According to an old legend, the Taj Mahal was originally supposed to be made out of black marble. But the emperor’s architects couldn’t find enough black marble stones. So, white marble was used instead. The solution design stage on the project is all about designing something that will meet the most amount of requirements possible but it still feasible in terms of cost.
Thinking About the Solution Increases the Chance of the Project Being Successful
Taking the time to think through possible solutions rather than rush straight into building something has the following benefits:
- Examine all possible options
- Reduces the chance of building the wrong thing
- Increases the chance that all the costs are accounted for
- Identify all project resources early
Generally, the more visual elements you use during the design, the better. Even if you’re building something intangible like a software program, there’s always something to draw. All programs have some type of user interface, for example. Even abstract business processes can be sketched out.
Visuals are even more effective when they’re attached to numbers. So, below each sketch adds the following information: estimated build time and estimated cost. Below those numbers, you provide some additional data: assumptions, dependencies and pros and cons.Visuals are even more effective when they’re attached to numbers. Click To Tweet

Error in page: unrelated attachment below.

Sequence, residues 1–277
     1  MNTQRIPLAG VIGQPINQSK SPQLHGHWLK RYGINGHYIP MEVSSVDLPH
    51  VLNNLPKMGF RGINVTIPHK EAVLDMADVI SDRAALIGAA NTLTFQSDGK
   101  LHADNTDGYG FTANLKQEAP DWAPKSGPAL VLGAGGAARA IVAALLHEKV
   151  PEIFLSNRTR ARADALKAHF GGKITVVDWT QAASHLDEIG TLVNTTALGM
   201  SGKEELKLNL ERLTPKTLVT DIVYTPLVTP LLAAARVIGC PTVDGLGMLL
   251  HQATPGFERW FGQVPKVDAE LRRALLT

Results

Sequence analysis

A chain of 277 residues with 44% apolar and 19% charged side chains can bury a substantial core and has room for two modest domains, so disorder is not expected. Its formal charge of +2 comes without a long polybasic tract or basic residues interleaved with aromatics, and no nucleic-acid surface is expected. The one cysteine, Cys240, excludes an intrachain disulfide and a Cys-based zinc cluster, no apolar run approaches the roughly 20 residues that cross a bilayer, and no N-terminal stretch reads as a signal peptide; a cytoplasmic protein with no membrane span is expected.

The Steps to a Good Solution Design
After capturing what is wanted each requirement needs to be examined and a solution needs to be designed. Before Project Managers assign tasks to resources, they need to think through every part of what needs to be done. Each requirement should be broken down into groups of small, easy-to-manage components. After all the components are created, tested and put into play, the project will be ready to go live. Project Managers should annotate each solution with at least one:
- Picture. It’s a cliché because it’s true: a picture is worth 1,000 words. Flow charts and sketches should be used whenever possible.
- Time frame. Draw upon past experiences to estimate how long it will take to create the whole solution.
- Cost estimate. The estimate doesn’t have to be exact, but it should be realistic.
- List of assumptions. Specific required resources should be listed out here if assumed as available.
- List of dependencies. If several other tasks must be completed before work on a particular task can start this should be noted.
- Pros and Cons. State the pros and cons of the proposed solution.
- Approach. The best way to develop the solution. Iterative – develop, review, re-develop or Waterfall – develop, test, go live
To ensure that you have provided balance you should try to provide a minimum of 3 different solutions. However to make it easy for the person approving the project state which of the options your recommend and your reasons why.
By taking your time with this stage and coming up with a well thought through solution with balanced pros and cons will increase the chance of the project being successful. In addition, the basis of any good business case will need to demonstrate that the solution will not only meet the requirements but also prove good value for money.